by Janet Simpson Benvenuti
Getting Alzheimer’s disease is not inevitable with age. In a recent TED talk, Dr. Lisa Genova, neuroscientist, Massachusetts native and author of several books including Still Alice shared five ways you can avoid cognitive impairment.
You likely know the first four.
1. Get a good night’s sleep;
2. Follow the Mediterranean diet;
3. Exercise several times a week; aerobic exercise is best with strength training to enable fitness; and,
4. Lower your stress levels through prayer, yoga, or meditation.
What often surprises people is the fifth preventative: Learn something new. Exercising your brain through new experiences builds synaptic capacity. Lisa referred to the now famous Nun Study, research that followed the lives of 678 nuns who generously agreed to allow their brains to be autopsied upon their passing at ages 75 to 107. To their surprise, the researchers found that several nuns’ brains had the telltale Alzheimer’s lesions yet these women displayed no evidence of cognitive impairment while alive. Why? Their brains had ample capacity because of a lifetime of learning.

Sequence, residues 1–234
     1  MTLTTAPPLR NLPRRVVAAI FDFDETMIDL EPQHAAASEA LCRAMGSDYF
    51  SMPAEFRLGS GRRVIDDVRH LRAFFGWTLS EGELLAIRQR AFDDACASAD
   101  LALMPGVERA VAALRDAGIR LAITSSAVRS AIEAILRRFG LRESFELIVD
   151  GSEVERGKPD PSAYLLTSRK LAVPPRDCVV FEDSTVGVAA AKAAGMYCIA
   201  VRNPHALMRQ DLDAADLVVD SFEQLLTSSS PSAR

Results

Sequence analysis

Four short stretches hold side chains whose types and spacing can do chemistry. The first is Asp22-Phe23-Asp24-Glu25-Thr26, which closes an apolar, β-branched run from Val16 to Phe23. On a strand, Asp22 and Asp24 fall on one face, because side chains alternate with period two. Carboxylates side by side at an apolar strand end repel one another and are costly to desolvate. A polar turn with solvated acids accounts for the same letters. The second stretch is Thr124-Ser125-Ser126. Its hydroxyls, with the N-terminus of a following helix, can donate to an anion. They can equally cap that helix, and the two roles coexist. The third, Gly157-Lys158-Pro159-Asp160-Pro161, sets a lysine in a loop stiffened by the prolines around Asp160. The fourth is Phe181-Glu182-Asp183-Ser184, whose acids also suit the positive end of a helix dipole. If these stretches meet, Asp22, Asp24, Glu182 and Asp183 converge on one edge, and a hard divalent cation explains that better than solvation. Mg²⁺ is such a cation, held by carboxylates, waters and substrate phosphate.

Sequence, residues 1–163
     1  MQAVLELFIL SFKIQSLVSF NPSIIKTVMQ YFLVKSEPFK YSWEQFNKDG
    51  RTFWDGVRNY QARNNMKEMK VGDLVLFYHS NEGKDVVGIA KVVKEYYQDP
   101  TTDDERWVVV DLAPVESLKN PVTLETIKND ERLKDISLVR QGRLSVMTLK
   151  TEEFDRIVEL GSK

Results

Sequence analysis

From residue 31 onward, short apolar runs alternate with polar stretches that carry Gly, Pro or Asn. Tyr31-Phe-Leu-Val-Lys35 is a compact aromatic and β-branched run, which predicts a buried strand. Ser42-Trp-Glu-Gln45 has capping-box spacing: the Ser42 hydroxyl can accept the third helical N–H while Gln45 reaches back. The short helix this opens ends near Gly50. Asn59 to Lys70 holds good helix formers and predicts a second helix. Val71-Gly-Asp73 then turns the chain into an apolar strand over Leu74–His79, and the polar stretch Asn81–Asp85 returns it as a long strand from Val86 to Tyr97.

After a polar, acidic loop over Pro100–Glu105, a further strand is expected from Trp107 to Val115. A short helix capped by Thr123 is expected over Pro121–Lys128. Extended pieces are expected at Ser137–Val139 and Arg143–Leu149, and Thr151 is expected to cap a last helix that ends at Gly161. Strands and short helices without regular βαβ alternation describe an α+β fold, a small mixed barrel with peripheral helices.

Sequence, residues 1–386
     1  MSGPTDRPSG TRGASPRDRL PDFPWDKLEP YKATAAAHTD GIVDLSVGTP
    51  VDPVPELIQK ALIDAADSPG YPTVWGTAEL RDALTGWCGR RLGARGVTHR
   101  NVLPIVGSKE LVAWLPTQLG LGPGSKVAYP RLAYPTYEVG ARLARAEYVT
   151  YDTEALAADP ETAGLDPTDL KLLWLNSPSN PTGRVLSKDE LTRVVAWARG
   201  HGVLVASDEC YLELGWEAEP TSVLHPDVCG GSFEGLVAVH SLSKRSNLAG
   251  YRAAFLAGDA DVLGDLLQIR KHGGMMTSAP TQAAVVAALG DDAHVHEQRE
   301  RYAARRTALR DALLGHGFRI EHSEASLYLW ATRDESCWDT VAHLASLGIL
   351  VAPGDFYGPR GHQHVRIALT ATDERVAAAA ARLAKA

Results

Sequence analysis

Watch the video. Share this post with your friends and family. Then join me in learning a new language using an app like Duolingo. Au revoir und auf wiedersehen.
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